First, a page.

Menashe Brigade Crossings upgraded to facilitate needs of Palestinian farmers and enable security and operational activity at a region prone to terror activity
land crossings of the Menashe Regional Brigade in the Judea and Samaria region are currently undergoing a series of upgrades to both better accommodate Palestinian civilian life and to address security needs. Many of the Palestinian civilians in the region use the crossings to work farmland across the security fence. The crossings will be upgraded this year at the cost of hundreds of thousands of dollars and several new crossings will be added for the benefit of the aforementioned farmers.
The two main 'welfare crossings' undergoing upgrades are located deep within the Menashe Regional Brigade’s operational area in Samaria. Placed a large distance from their fields, the current location of the crossings creates difficulty for the Palestinian farmers. This also creates a problem for security forces in the area, who assist the farmers as well as manage the relatively hostile region. Consequently, the crossings still pose a threat to the Israeli home front, with perpetual terrorist activity, illegal transfer of goods and weapons, and unauthorized entry into Israel.
Despite the security threats, several of the crossings continuously are open enabling Palestinians to cross regularly and reach their farmland. All crossings are open simultaneously, often experiencing heavy traffic at harvest times.
In recent years, a number of dangerous events occurred at the crossings including several illegal and violent riots breaking out, where Palestinians hurled rockets at IDF soldiers and Israeli civilians. In 2009 there were several incidents where the IDF found explosive devices along the disrupting IDF activity, with the goal of penetrating the fence and harming soldiers and civilians.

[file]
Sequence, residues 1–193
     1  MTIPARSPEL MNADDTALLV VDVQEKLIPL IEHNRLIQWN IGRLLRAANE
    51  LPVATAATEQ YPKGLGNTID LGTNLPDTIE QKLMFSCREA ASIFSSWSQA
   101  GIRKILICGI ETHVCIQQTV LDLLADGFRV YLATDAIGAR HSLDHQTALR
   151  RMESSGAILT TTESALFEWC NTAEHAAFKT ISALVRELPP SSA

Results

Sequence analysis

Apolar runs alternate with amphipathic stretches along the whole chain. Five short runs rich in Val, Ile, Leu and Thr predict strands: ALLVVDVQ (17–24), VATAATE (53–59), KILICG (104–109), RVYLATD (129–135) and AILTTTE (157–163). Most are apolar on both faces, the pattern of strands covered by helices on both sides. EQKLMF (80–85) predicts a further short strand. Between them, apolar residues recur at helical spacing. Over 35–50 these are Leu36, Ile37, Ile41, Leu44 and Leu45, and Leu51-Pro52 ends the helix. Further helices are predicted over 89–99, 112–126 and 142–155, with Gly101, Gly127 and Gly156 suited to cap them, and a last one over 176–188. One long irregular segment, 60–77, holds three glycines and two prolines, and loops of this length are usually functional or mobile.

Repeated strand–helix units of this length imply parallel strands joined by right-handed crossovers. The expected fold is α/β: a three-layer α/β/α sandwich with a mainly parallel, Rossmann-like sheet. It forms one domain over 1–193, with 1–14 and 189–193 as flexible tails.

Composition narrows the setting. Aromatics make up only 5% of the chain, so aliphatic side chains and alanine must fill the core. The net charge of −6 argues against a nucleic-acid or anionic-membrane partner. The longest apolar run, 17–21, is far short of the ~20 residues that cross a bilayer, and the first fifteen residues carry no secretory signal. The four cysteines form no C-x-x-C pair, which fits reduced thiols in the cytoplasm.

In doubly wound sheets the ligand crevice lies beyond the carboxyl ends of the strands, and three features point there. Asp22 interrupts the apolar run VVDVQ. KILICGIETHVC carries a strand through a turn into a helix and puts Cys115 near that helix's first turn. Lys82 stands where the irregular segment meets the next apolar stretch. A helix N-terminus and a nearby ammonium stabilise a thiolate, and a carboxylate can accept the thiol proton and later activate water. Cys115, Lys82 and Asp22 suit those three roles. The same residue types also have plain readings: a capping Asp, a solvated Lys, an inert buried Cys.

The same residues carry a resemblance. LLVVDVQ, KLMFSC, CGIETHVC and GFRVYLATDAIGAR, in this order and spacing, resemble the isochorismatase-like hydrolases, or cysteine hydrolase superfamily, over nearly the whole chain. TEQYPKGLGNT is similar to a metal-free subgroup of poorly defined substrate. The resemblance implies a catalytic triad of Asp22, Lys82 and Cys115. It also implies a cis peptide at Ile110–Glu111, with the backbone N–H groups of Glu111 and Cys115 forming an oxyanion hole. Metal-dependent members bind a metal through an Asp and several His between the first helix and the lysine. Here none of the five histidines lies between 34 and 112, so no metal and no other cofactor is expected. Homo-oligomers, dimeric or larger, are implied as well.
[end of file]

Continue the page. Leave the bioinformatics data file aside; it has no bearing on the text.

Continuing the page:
The security fence was first constructed in 2002 for defensive purposes, 95 percent of it constructed of barbed wire and only five percent made of concrete. The fence protects the Israeli population from terrorist attacks by Palestinians emanating from the Judea and Samaria region. In areas where the fence has been completed, such terrorist attacks have dramatically declined.
The course of the fence was designed in accordance with decisions of the Supreme Court and it takes into consideration both the security of Israeli civilians and the convenience of the Palestinian population. Later on, the route was revised several times for a variety reasons such as accommodating Palestinian agriculture. Despite these changes, Palestinians and other activisits hold violent riots, throwing rocks at Israeli security forces every weekend. The security forces respond with non-lethal riot dispersal means.
Since its construction, dozens of crossings were constructed along the fence enabling transfer of both goods and people accommodating the Palestinians in a variety of ways, including medical care.
Statistics show a clear correlation between the construction of the fence and the decline in the number of terrorist attacks. Between 2002 and 2003, there was a 30% decrease in the number of attacks. Similarly, the number murder victims by terrorists decreased by 50% in 2003 in comparison to the previous year. In areas where the fence is completed, the number of victims murdered by terrorists decreased from 46 in 2003 to none in 2004.